And you know what his advice is about the best way to get rid of his hangover: "bro, i get up the next morning and I just rip another shot, hangover gone!"

Hey fonz lemme ask you something, whats the best book on investing youve read, every investor has a bible in one way or another, whats yours?

fonzannoon's picture

I have a 3yr old so my reading and free time has substantially fallen off. But I read the shit out of everything when i was younger. I don't really have an investing bible because I have ebbed and flowed over the years with my philosohies. So I never really ended up anchoring myself to one particular book or author.

I will tell you what my favorite book is overall though. "For whom the bell tolls". I can pick that book up any day. You?

ekm's picture

Read MARGIN OF SAFETY by Seth Klarman and you'd have no need to read anything else.

Just google it.

fonzannoon's picture

I know you have mentioned it a few times ekm. I do plan on reading that.

ekm's picture

Download it before it disappears.

fonzannoon's picture

funny I vaguely remember reading it cost like a grand or something.

Whiteshadowmovement's picture

For me its the opposite, I couldnt possibly name a single favorite book, but I consider the best (academic) book on investing ive ever read to be Expected Returns by Antti Ilmanen, a true financial genius who used to run Norways sovereign wealth fund

(dont let all the 'establishment' praise fool you, it is fucking brilliant this book)

fonzannoon's picture

To be honest (with both you and ekm)....5 years ago I would have went right out and purchased both books and had them read by next week. You know what I find to be the most successful investment method to investing is now? The monkey method. I have a set of companies that tend to consistently miss earnings. They get creamed. I wait a few days and then I grab them. A few weeks later they have drifted higher and I'm out. I'd like to tell you that I have got quite good at it, but then I remember that a handicapped monkey could do it too. So I try not to let it go to my head.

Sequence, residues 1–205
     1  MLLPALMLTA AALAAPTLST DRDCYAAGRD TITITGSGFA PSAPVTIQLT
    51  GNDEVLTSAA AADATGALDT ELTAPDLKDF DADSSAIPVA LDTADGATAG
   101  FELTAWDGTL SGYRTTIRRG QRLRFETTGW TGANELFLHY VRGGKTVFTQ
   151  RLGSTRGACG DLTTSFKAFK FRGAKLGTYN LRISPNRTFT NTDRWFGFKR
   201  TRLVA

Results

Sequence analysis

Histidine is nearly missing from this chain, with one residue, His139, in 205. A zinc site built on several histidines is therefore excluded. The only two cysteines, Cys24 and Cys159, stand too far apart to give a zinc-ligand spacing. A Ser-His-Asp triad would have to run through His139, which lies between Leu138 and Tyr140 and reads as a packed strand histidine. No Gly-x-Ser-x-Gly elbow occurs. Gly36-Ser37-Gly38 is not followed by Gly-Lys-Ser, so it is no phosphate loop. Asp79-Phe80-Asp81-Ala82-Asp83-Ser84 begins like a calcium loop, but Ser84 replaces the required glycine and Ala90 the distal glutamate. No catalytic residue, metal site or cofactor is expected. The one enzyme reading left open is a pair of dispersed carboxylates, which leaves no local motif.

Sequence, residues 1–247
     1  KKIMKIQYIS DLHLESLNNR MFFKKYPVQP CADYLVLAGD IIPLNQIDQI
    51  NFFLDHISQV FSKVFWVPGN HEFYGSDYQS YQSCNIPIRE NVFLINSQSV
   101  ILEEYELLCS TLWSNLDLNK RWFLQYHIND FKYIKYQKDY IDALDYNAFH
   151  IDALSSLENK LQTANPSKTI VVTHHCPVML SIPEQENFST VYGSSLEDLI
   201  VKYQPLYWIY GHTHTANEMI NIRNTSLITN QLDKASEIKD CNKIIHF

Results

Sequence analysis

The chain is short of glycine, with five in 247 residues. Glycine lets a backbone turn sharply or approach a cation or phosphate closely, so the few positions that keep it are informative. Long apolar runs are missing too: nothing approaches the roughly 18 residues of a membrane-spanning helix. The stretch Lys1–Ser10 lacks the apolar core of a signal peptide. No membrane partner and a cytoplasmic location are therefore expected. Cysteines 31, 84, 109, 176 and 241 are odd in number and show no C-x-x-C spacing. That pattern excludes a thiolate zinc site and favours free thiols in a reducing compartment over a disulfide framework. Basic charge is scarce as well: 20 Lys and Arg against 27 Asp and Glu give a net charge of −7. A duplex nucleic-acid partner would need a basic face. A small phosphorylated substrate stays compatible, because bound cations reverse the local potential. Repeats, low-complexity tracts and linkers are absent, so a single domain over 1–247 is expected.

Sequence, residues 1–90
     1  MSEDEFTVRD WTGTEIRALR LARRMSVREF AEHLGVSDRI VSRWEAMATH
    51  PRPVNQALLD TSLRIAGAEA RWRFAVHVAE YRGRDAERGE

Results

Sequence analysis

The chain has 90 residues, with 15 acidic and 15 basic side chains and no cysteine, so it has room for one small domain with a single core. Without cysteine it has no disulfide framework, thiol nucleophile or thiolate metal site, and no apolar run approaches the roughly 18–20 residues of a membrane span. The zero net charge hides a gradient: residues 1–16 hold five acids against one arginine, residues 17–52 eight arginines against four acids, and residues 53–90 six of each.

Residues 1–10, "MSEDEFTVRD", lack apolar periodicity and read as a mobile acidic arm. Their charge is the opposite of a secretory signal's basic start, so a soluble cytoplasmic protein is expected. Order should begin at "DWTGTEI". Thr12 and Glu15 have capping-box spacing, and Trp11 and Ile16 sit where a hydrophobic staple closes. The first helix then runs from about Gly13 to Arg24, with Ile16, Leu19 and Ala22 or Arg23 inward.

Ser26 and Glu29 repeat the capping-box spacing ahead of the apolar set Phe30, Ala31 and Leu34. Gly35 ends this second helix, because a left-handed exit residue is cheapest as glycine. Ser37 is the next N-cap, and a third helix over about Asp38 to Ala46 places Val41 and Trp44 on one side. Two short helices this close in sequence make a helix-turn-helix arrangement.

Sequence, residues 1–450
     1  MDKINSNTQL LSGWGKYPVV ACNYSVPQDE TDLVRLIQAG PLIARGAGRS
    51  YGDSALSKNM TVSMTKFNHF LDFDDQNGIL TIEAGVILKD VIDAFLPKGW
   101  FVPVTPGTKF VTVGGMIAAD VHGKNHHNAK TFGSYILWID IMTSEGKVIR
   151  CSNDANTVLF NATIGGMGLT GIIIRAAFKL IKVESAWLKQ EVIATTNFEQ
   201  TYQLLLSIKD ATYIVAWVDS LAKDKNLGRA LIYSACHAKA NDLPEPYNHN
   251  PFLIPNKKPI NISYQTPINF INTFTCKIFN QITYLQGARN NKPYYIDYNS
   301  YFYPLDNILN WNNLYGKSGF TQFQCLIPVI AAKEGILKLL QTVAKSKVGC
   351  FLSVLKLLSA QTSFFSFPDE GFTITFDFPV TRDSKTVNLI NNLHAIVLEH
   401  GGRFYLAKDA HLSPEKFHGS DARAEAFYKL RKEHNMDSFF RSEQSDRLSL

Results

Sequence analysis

In all seriousness I make sure I stay sharp. But I am trying to chill and enjoy the little things a bit more now that the Bernak has everything on cruise control. I have some life vests just in case though.


Whiteshadowmovement's picture

Thats interesting because Ilmanen (who was also portfolio manager for the central bank of Finland) analyzes basically every single investment strategy over the past 100 years and the concludes what works and what doesnt. What you describe, momentum/trend is one of the clear winners over time. Value also works. The interesting thing is he also notes people tend to overpay for both high and low volatility. They also tend to almost always overpay for growth which is why its surprisingly a poor performer on the long term. One of the very best things about it is the analysis of how to judge risk premia for illiquid assets. 

check out this small interview or maybe read the first few pages on amazon if you have a free minute.

fonzannoon's picture

U picked one hell of a time to get involved on here and throw around heavy investing information. I've been on here for a while. I am seeing the threads on here almost all begin with FK YOU.....(insert politician/Bernanke etc)

I honestly cannot remember the last time I saw a thread of people trading actionable information on the stock market. Slaughterer seems like he has moved on. This site seems to be gaining in popularity and yet it is less about the market or investing everyday. It actually freaks me out a bit to realize I have not seen an investment thread on here in so long I can't remember.

Whiteshadowmovement's picture

lol, yeah thats what i was thinking that the other day... it really surprised me after I jumped in, because I didnt recall this site always being like this. I seem to remember there were useful and profound posts on here from time to time, but I have already in my short time here been rewarded with an automatic target for downvoting distinction so i guess thats speaks volumes about the current level of discourse here.

fonzannoon's picture

We all get serial junkers from time to time. The gold threads especially.going to watch that flick now.

Whiteshadowmovement's picture